The World Daily
Veterinary drug confirmed as rare vulture’s cause of death

A cinereous vulture was confirmed to have been killed by the drug, which also threatens eagles. Photo:Alamy


By Patryk Krych | The World Daily | APRIL 11th 2021


The death of a rare species of vulture in Spain led to an investigation that confirmed the bird’s passing was caused by a livestock drug diclofenac – a death which scientists and activists alike fear may only be the beginning of a larger problem.

Diclofenac, an anti-inflammatory drug that’s recently been approved for use on livestock, was the cause of death for a vulture in Spain. The substance was approved for use all across Europe, Spain included, despite having seen bans in India, Nepal, Bangladesh and Pakistan for this exact lethal effect it’s been known to have on vultures.

“This is a hugely worrying development,” said John Mallord from the Royal Society for the Protection of Birds. “You can have several vultures feeding on a single cattle carcass, and if it is contaminated with the drug, you will kill them all just from a single feeding. This has probably been happening for some time, with many other vultures having died.”

The approvals occurred throughout Europe through strong arguments from pharmaceutical companies, farmers and drug regulators that due to the differing methods of carcass disposal in Europe, no harm would come to the vultures.

“That claim has now been shown to be wrong,” Mallord added, referring to the case in Spain. “A young cinereous vulture in the Boumort National Hunting Reserve in Spain has been confirmed to have died of diclofenac poisoning.”

The primary use of the drug is to help manage pain associated with different arthritis conditions – still commonly used to treat such pains among humans. There is no harm in the drug when used this way, with even India (who banned the use of the drug on livestock in 2006) occasionally allowing it to be prescribed for arthritis treatment.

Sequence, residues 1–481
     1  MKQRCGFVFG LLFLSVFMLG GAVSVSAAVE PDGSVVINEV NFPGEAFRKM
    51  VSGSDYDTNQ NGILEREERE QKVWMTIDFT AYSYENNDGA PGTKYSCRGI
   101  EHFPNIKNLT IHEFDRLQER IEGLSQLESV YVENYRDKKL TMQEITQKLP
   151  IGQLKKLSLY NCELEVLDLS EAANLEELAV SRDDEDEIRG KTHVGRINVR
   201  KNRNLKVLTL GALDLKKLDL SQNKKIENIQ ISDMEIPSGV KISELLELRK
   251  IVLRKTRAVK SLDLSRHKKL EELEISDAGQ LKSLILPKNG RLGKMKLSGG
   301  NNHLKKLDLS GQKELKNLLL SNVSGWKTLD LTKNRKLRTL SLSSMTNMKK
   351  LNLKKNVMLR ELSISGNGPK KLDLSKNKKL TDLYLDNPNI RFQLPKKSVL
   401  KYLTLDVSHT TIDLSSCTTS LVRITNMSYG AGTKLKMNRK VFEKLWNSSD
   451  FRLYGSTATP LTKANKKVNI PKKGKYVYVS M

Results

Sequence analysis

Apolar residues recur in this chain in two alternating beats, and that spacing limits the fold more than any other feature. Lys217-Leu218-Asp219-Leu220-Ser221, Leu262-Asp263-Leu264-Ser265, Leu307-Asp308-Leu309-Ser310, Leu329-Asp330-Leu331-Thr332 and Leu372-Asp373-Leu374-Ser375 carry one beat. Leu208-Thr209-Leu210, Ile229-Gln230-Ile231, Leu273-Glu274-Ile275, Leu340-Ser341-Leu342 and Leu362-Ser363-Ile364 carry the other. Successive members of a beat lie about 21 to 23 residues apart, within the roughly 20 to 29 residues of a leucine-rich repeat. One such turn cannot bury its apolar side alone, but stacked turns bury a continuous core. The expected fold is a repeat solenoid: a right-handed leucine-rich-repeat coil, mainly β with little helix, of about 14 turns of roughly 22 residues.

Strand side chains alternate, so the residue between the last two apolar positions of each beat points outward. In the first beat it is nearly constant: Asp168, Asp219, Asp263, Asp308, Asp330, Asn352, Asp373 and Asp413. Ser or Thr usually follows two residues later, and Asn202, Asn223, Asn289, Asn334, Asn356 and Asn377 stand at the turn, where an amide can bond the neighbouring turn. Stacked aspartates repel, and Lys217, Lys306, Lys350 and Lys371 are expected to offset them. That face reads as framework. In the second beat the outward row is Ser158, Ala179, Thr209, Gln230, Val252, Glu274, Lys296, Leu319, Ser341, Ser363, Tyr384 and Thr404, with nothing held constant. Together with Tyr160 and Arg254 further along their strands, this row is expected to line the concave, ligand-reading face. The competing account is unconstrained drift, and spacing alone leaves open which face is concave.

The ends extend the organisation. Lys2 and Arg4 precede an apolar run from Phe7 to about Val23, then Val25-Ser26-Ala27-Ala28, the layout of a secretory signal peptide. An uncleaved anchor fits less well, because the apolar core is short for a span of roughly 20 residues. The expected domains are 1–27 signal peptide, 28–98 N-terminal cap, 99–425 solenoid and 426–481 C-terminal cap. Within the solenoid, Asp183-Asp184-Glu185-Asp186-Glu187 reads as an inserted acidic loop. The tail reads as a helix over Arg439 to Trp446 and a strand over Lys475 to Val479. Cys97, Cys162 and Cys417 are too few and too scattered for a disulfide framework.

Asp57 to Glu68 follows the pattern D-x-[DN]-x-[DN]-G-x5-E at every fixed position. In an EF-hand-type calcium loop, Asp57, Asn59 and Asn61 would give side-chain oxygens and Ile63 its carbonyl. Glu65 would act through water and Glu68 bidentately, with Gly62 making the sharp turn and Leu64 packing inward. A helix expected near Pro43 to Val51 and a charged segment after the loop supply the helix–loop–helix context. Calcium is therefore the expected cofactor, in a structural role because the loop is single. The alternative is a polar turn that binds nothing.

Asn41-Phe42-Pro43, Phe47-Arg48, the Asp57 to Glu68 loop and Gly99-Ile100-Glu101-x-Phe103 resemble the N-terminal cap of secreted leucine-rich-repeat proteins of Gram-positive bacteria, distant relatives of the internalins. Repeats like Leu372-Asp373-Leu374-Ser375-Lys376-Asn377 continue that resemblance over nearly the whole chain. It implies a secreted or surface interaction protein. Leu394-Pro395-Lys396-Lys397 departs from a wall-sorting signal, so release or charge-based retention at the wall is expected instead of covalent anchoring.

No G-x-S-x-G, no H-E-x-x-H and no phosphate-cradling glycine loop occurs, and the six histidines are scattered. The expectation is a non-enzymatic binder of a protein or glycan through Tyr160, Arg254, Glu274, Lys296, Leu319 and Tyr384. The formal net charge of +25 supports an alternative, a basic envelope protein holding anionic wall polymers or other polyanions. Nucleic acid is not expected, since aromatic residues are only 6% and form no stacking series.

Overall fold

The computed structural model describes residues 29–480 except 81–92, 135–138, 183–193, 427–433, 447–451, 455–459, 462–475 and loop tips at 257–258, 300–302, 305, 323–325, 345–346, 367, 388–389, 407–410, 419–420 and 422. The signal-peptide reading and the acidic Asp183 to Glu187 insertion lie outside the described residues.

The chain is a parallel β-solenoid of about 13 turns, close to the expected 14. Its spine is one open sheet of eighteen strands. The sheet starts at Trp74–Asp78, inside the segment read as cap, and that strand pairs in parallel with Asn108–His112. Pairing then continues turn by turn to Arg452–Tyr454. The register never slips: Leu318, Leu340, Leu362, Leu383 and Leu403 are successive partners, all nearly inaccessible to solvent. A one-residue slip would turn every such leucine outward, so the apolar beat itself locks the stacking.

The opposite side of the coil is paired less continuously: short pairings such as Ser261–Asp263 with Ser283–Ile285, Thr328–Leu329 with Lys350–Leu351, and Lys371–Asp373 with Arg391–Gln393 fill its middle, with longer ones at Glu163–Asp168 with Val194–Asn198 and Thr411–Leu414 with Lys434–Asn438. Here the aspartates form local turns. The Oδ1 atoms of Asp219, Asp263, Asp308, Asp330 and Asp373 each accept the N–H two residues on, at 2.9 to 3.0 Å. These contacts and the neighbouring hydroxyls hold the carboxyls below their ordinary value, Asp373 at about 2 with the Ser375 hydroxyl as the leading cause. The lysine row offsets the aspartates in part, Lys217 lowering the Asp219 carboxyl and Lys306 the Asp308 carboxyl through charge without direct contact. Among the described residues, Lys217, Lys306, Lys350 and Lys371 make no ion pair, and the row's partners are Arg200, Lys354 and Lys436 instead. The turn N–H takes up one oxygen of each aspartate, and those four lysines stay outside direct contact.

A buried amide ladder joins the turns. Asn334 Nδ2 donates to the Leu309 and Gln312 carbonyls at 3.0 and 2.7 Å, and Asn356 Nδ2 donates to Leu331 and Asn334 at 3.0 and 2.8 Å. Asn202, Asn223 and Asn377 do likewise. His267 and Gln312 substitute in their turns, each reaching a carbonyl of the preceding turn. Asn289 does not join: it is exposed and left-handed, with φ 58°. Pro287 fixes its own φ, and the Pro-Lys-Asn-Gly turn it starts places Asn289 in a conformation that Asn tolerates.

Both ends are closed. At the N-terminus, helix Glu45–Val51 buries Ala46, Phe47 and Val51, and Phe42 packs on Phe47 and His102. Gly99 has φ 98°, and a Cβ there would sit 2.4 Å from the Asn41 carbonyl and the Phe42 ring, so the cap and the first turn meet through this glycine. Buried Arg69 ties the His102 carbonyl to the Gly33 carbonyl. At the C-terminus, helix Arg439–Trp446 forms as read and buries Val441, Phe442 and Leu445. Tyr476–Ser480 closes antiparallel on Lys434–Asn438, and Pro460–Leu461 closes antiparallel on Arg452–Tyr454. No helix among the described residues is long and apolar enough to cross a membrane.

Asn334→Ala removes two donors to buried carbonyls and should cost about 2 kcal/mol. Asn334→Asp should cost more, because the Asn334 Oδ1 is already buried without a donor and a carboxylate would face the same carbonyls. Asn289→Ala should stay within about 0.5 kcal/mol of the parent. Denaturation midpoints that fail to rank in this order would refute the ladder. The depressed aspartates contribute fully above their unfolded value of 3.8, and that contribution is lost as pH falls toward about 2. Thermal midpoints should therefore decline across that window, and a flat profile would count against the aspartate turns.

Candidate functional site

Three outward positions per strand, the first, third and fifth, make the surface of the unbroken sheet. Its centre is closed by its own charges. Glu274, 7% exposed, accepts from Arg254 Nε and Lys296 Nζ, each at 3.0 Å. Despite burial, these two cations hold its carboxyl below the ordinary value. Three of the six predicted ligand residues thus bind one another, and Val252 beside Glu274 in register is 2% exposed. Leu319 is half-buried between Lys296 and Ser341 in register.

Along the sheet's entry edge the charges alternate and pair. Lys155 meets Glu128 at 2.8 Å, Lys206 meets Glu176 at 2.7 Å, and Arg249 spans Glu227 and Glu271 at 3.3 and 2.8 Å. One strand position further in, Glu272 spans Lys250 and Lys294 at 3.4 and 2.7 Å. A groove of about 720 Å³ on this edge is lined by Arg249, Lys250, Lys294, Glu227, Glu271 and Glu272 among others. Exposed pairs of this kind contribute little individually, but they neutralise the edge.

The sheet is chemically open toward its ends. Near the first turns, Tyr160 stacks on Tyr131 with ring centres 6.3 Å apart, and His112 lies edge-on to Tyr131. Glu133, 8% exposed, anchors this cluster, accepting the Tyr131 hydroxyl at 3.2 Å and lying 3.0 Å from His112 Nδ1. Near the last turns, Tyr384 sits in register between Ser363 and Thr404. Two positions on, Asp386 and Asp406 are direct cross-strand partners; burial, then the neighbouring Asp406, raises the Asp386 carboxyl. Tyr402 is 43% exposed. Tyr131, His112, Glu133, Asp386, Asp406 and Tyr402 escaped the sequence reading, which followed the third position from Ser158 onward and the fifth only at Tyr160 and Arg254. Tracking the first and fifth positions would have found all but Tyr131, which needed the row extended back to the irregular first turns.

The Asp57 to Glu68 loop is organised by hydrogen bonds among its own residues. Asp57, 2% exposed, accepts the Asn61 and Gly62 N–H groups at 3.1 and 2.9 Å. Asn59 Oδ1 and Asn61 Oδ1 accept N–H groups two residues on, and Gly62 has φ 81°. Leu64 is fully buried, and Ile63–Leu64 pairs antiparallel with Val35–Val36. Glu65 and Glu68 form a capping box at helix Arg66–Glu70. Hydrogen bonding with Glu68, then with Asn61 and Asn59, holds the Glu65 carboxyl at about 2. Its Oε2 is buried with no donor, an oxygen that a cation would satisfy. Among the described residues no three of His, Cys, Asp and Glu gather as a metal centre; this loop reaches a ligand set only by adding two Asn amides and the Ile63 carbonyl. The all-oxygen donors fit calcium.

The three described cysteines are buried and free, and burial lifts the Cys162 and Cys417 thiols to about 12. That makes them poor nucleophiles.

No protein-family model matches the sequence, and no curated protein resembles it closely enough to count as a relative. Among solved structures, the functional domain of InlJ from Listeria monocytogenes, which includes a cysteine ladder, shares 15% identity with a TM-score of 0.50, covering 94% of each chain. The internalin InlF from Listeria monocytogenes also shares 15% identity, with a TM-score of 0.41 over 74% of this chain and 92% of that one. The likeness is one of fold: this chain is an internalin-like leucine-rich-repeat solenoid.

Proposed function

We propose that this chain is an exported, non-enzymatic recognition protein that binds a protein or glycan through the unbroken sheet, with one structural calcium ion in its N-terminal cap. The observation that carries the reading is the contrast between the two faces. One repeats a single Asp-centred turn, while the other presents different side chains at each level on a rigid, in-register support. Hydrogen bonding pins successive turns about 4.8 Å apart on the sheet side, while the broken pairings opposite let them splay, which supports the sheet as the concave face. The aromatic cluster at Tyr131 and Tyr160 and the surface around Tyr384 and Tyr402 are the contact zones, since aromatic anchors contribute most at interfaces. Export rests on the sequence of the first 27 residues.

“The vast majority of Europe’s vultures are found in Spain,” said Mallord.

He further added: “We were told there was no threat to them from diclofenac. Now we have found clear evidence that shows this is not the case. Given that there are perfectly good, safe alternatives to the drug that could be used on cattle, it is time that the veterinary use of diclofenac is banned in Europe as a matter of urgency.”


Research has revealed that the use of this drag can be lethal not only to vultures, but also to multiple species of eagles across the countries. Specifically those of the genus Aquila, such as the Golden eagle or the Spanish imperial eagle – of which there are only about 300 pairs remaining in the wilderness.

“The evidence found in Spain sadly confirms what we have been warning about for almost a decade,” said Iván Ramírez from the conservation group BirdLife International. “Vultures are dying from veterinary diclofenac poisoning and this could already be affecting population trends. It is absurd to keep insisting on licensing a drug that kills threatened species when there are plenty of other safe and cheap alternatives in Europe.”

Vultures are largely relied upon in countries such as India for carcass removal of cattle. Their decreasing numbers could mean an increase in scavenging crows, or even feral dogs – which carry the risk of disease. They’re considered necessary for the removal of carcasses in some rural places around Europe too, and to have their numbers decline too much would be to cull some of the greatest natural scavengers in the continents.


By Patryk Krych | © The World Daily 2021